Thursday, March 4, 2010
Pivot Tables: The Good, the Bad, and the Ugly!
This is an introduction to an often disregarded Excel application. Much has been written on Pivot Tables, and much has also been misunderstood about this highly practical, but not perfect tool.
Every analyst or manager should have at least moderate skills at using pivot tables. You can use pivot tables to summarize, analyze, and explore what-ifs in your data. What is particularly “Good” about them is they are very powerful, lightning fast, and very easy to use. If you have never experimented with Pivot Tables, give them a try. I can guarantee that you will amaze yourself with how simple it is to manipulate your data.
Pivot tables are not all things for all applications. Though powerful, they have some odd quirks, (such as resizing your columns when you change an entry), and often need to be rebuilt if your data significantly changes (the good news is, of course, that it is easy do so…).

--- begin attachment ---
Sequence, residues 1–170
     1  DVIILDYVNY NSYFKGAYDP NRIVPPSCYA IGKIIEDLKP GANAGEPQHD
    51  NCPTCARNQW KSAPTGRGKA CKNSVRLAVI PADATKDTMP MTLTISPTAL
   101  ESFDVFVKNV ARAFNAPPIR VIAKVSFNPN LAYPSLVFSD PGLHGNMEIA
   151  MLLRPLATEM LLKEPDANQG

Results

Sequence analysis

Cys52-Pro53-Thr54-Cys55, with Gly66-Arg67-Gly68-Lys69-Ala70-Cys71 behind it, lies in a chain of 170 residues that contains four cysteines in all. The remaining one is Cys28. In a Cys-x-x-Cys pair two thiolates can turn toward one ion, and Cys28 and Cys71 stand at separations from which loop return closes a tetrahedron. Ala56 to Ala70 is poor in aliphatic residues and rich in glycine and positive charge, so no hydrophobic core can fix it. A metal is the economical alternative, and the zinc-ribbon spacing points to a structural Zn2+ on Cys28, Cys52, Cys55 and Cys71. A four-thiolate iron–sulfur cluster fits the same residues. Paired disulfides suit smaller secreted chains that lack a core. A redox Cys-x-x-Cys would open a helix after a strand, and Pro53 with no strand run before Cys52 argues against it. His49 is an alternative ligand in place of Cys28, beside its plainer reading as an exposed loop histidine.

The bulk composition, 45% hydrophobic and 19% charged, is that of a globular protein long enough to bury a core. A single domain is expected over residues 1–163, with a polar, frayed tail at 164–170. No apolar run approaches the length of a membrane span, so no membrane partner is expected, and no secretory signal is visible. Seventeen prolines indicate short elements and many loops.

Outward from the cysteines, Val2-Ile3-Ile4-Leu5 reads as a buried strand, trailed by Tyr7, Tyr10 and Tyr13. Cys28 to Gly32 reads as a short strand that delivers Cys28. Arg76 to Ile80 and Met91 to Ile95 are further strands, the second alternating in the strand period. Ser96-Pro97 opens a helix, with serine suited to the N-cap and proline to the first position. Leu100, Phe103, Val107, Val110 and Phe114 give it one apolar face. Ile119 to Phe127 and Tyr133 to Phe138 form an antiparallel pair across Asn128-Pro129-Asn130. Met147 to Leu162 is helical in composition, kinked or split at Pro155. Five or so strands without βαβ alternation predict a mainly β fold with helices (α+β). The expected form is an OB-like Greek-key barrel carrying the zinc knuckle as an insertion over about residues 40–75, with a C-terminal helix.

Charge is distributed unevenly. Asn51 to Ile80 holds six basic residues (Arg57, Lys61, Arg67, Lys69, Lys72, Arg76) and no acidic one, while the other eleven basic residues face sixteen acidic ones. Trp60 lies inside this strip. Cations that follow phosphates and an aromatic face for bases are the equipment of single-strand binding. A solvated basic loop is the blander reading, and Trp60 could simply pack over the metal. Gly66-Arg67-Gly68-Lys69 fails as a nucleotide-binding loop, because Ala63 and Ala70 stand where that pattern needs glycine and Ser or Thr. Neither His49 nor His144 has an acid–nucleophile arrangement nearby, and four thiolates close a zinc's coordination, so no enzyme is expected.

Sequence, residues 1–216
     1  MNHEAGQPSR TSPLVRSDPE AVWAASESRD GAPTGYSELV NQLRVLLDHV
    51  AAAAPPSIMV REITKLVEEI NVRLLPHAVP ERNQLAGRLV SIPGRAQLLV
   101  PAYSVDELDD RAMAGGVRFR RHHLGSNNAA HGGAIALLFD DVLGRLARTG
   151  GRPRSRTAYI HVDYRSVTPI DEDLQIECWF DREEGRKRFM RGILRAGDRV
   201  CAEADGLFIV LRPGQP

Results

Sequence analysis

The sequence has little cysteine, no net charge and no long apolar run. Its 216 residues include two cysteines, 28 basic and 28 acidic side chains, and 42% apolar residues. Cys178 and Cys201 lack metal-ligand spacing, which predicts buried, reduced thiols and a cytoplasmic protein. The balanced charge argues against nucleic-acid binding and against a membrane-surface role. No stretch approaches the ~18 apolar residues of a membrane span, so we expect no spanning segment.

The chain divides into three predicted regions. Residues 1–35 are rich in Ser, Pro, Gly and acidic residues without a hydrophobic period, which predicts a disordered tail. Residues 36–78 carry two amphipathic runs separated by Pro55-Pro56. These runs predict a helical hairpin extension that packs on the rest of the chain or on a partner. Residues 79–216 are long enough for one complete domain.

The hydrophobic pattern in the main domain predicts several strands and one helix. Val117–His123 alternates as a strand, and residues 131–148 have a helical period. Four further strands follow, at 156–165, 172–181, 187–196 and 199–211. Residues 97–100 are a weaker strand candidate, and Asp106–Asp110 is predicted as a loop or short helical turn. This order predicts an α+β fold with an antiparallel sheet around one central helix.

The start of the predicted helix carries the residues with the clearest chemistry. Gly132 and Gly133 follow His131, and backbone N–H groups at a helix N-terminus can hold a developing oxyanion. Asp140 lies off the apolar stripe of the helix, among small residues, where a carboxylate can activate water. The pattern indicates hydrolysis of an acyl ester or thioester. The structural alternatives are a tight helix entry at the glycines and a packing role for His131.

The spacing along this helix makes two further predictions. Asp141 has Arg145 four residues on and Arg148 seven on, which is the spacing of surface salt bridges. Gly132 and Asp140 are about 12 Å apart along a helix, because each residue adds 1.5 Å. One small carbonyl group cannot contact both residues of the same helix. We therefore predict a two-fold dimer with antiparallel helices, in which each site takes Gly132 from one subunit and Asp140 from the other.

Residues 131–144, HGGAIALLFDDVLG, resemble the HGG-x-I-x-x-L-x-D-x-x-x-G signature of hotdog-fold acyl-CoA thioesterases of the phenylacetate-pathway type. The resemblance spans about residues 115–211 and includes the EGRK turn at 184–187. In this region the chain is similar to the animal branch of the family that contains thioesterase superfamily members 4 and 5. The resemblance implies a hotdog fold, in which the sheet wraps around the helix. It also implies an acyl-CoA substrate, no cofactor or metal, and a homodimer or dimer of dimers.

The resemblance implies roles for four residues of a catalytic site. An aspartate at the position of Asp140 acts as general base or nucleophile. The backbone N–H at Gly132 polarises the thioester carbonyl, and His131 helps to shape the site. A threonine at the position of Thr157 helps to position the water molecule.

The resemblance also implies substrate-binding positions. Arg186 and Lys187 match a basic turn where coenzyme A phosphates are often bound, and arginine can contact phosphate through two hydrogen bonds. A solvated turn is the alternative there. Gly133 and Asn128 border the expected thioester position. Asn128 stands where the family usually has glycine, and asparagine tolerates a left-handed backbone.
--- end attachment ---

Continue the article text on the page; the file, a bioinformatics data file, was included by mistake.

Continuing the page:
Let’s face it, pivot tables are Ugly! Oh, sure, you can apply one of the stock formatting schemes that haven’t changed in ten years, or design your own, (beware, it may be lost when you update or pivot data), but it is still ugly. Now, this may not be terribly important to you if you are just doing some “quick and dirty” analysis, but it may not be something you want to show the board of directors.
Though not perfect tool, pivot tables will often save you many hours of analysis time, and the other great news is that it truly is easy. Go on, give it a try!